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Topic: reg absorption column  (Read 6999 times)

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Offline seshwanth

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reg absorption column
« on: August 23, 2007, 06:58:00 AM »
My question is, for a absorption column to be effective or for the seperation to be effective how should the temp and pressure be? wheather temp and pressure should be high? with a valid reason ? . same as in the case of adsorption column?
thank u 

Offline Mr Peanut

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Re: reg absorption column
« Reply #1 on: August 23, 2007, 08:52:36 PM »
I hate to answer a question with questions but it really does matter.

Your phase is liquid or gas?

Your absorbent is activated carbon, SDVB, zeolite, prep chromatography bed (type), sodium metal, other?

The component you want to absorb is?

The mobile phase (the thing you are not absorbing) is?

Offline Montemayor

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Re: reg absorption column
« Reply #2 on: August 23, 2007, 10:45:45 PM »

I hate to bring up basics when I believe everyone reading this knows the difference between the Unit Operations of Absorption and Adsorption, but I'll do it anyway because I think this thread will die from confusion if I don't.

Adsorbents such as "activated carbon, zeolite, prep chromatography bed (type), sodium metal", and others have nothing whatsoever to do with Absorption.  Solid adsorbents do not absorb.  Using either term in place of the other will lead to mass confusion.  The two Unit Operations are very, very different and should be understood by all reading this thread.

The conditions of temperature and pressure in an absorption column usually are set by the process in question.  Normally, the higher the pressure - the better the absorption factor; the lower the temperature, the better the absorption factor.  But those are only generalities.  Sometimes, such as in the case of CO2 absorption with an MEA solution can cause problems if the CO2 originates in a condensable hydrocarbon stream.  Some of the hydrocarbons can condense with a lower temperature in the absorption column and cause a serious MEA solution contamination and cause foaming and other problems in the absorber and in the stripper.  So it all depends on the Process and also on the chemistry in question.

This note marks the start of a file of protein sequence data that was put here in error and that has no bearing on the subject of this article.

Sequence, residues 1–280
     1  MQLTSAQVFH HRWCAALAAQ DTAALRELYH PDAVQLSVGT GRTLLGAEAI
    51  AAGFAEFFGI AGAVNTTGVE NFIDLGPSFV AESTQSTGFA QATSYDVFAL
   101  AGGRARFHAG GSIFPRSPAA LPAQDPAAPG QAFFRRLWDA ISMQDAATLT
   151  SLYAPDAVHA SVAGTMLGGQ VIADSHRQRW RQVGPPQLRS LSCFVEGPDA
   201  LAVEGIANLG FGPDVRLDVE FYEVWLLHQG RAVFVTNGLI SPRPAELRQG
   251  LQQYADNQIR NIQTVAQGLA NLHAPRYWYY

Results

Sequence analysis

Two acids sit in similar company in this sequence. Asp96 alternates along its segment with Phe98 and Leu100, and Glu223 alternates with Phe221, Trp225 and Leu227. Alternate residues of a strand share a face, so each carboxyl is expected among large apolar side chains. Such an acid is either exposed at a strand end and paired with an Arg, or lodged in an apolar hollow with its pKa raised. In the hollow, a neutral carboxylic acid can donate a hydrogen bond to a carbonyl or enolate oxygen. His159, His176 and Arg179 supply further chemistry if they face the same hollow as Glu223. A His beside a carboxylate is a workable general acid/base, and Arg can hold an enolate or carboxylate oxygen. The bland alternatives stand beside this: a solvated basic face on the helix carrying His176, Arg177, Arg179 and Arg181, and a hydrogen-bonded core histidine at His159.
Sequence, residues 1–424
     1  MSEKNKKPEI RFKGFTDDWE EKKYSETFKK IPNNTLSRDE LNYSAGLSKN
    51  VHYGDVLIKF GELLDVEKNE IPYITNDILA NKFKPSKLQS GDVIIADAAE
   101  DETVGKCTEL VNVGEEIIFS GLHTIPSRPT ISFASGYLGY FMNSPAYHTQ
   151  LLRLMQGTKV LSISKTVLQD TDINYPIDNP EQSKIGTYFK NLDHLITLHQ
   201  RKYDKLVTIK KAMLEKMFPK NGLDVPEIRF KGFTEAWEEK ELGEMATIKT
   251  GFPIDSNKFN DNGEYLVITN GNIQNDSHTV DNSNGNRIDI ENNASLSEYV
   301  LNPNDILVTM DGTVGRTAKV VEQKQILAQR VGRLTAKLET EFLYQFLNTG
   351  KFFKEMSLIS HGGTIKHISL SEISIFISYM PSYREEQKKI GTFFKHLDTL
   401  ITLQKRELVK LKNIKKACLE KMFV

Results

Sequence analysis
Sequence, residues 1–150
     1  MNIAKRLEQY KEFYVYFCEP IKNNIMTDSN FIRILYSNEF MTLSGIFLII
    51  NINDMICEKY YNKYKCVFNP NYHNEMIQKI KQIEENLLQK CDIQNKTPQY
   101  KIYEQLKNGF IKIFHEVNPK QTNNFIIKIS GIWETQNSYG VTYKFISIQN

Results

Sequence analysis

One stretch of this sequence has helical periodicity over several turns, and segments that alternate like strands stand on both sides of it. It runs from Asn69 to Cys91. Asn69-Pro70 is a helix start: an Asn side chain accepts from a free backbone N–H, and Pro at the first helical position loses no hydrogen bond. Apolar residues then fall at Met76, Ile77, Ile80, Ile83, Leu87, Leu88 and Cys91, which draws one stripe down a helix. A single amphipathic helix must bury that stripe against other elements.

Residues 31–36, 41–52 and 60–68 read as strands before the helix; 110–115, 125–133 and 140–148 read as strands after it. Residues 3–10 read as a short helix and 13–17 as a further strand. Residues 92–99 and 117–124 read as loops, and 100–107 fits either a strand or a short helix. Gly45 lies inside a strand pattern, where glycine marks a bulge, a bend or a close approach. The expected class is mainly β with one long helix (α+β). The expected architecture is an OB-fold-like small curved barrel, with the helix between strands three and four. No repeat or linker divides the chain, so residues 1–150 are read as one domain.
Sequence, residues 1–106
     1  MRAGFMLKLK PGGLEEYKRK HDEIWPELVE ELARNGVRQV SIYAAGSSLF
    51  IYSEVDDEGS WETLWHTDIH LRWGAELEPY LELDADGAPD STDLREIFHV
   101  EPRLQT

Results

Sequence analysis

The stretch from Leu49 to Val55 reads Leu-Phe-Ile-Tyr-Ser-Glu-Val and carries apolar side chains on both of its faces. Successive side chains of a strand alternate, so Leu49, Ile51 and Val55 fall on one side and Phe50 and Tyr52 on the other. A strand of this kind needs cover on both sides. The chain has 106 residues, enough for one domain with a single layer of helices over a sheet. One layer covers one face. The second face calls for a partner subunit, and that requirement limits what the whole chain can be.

Basically, your question is too general or vague and you need to be specific if you have a case in mind.   If you don't have a specific case in point, then you can only speculate.




Offline JoeWong

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Re: reg absorption column
« Reply #3 on: August 24, 2007, 02:38:59 AM »
Best regards,

JoeWong

Offline seshwanth

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Re: reg absorption column
« Reply #4 on: August 24, 2007, 09:05:45 AM »
Thanks for all those u fired me. anyway i hav to thank for reply and giving me a solution. i am just a beginner in chemical engg.

with regards

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